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action actual affections beauty becomes belongs brings changes character comes common dark deal death difference drama element English enter equal evidence evil excite existence experience fact faculties fancy fears feel fool force forms genius gives glory grief hear heart hope hour human humor idea ideal imagination impression individual inspiration instinct intellect interest knowledge language laugh leave less light literature living look manner master means mere merely mind moral moves mystery nature ness never observe once passion pathos pity play poet poetry poor present reason relation says seems sense Shake Shakespeare shows side song soul speak speare spirit stage sublime suffering suggest sympathy things thought tion tragedy tragic true truth turn unity vision whole wisdom woman women wonder writings youth
Seite 277 - I have neither the scholar's melancholy, which is emulation ; nor the musician's which is fantastical ; nor the courtier's, which is proud ; nor the soldier's, which is ambitious ; nor the lawyer's, which is politic ; nor the lady's, which is nice ; nor the lover's, which is all these...
Seite 126 - I am a Jew. Hath not a Jew eyes? hath not a Jew hands, organs, dimensions, senses, affections, passions? fed with the same food, hurt with the same weapons, subject to the same diseases, healed by the same means, warmed and cooled by the same winter and summer, as a Christian is?
Seite 51 - This is the excellent foppery of the world, that, when we are sick in fortune, — often the surfeit of our own behaviour, — we make guilty of our disasters the sun, the moon, and the stars...
Seite 54 - Yet nature is made better by no mean, But nature makes that mean: so, o'er that art, Which you say adds to nature, is an art That nature makes. You see, sweet maid, we marry A gentler scion to the wildest stock, And make conceive a bark of baser kind By bud of nobler race: this is an art Which does mend nature, — change it rather; but The art itself is nature.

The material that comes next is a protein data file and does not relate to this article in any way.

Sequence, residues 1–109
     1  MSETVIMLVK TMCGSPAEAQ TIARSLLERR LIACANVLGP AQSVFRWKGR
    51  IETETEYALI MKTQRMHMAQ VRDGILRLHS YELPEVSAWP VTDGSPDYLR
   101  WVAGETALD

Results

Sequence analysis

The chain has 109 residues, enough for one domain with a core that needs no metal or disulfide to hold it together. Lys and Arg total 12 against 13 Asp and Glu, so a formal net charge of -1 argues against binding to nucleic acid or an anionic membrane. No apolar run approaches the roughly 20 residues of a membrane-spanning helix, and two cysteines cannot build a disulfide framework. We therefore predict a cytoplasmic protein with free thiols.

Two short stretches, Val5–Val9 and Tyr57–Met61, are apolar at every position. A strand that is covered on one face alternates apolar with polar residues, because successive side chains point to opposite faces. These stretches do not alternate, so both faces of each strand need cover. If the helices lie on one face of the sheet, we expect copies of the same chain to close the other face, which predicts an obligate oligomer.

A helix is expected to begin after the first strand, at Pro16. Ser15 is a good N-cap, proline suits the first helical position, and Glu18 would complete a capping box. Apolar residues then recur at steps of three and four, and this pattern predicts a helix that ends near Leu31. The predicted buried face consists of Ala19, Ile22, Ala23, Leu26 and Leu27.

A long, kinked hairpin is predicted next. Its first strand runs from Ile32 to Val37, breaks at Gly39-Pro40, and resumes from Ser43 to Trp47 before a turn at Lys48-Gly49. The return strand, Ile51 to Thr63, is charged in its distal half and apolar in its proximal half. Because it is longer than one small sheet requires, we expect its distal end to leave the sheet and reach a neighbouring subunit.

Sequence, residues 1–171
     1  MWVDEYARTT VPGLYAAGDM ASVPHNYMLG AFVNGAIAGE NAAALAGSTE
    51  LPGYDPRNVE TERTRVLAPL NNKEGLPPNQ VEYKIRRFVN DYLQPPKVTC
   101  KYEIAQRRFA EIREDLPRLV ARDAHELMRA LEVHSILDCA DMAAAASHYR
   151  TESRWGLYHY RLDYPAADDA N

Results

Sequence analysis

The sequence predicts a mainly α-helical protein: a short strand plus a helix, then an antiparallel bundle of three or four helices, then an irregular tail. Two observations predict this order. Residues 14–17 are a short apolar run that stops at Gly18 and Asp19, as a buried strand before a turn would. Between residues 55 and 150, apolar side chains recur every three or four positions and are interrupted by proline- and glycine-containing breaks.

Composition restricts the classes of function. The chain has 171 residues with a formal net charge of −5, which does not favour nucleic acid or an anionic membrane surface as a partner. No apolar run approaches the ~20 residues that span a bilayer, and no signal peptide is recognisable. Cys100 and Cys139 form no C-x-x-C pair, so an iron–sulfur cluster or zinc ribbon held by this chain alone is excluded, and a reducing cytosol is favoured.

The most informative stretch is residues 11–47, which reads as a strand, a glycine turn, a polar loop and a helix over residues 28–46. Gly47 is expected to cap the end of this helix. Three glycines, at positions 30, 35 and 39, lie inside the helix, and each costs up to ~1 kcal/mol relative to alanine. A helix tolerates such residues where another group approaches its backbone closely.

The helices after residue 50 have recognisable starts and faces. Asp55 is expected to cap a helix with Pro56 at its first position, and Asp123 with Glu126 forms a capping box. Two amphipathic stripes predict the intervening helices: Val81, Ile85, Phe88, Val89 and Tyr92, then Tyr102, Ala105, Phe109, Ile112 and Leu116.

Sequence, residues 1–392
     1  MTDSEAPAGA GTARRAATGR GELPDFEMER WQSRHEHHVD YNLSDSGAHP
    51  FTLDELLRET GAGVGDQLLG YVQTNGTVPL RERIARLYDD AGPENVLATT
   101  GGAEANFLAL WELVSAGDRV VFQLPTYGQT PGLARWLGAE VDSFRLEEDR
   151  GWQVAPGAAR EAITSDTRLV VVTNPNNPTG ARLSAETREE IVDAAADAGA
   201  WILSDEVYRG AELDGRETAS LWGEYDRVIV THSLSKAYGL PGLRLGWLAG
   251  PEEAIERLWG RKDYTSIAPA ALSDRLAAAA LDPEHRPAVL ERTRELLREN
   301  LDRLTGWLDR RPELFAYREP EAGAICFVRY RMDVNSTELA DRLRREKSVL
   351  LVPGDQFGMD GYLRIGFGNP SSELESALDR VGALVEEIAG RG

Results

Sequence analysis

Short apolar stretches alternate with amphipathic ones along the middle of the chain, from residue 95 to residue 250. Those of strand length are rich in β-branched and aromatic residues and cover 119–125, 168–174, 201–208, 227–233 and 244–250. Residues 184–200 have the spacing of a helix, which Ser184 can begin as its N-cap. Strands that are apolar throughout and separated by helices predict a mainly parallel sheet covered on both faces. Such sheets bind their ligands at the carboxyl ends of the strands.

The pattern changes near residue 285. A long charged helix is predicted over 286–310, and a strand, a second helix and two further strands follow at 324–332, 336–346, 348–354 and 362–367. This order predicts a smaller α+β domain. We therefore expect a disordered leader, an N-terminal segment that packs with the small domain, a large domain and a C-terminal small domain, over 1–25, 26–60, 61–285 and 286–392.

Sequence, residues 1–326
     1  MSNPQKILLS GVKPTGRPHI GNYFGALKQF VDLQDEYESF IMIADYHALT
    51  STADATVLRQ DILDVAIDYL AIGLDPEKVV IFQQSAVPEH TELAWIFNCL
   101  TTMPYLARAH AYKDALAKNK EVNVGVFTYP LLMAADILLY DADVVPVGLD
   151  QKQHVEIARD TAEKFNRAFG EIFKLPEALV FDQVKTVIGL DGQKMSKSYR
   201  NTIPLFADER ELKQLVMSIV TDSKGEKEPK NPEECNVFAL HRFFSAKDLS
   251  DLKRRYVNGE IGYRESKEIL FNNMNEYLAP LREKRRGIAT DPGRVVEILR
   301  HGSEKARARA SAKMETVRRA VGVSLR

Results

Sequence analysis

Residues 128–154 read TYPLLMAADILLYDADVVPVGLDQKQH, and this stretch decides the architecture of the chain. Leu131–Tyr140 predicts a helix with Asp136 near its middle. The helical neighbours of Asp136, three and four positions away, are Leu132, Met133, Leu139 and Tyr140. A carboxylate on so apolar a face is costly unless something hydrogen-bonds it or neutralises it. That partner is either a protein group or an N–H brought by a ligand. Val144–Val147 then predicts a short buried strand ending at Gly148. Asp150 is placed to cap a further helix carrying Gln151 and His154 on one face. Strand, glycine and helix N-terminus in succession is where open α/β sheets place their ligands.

Seite 112 - ... accent of Christians nor the gait of Christian, pagan, nor man, have so strutted and bellowed that I have thought some of nature's journeymen had made men and not made them well, they imitated humanity so abominably.
Seite 126 - Hath not a Jew eyes? Hath not a Jew hands, organs, dimensions, senses, affections, passions? Fed with the same food, hurt with the same weapons, subject to the same diseases, healed by the same means, warmed and cooled by the same winter and summer as a Christian is? If you prick us, do we not bleed? If you tickle us, do we not laugh? If you poison us, do we not die? And if you wrong us, shall we not revenge?
Seite 47 - Tu-whit, tu-who ! a merry note, While greasy Joan doth keel the pot. When all aloud the wind doth blow, And coughing drowns the parson's saw, And birds sit brooding in the snow, And Marian's nose looks red and raw, When...
Seite 53 - When lofty trees I see barren of leaves Which erst from heat did canopy the herd, And summer's green all girded up in sheaves Borne on the bier with white and bristly beard, Then of thy beauty do I question make...
Seite 49 - By this, poor Wat, far off upon a hill, Stands on his hinder legs with listening ear, To hearken if his foes pursue him still; Anon their loud alarums he doth hear ; And now his grief may be compared well To one sore sick that hears the passing bell.
Seite 32 - In these two princely boys! They are as gentle As zephyrs, blowing below the violet, Not wagging his sweet head: and yet as rough, Their royal blood enchafd, as the rud'st wind, That by the top doth take the mountain pine, And make him stoop to the vale.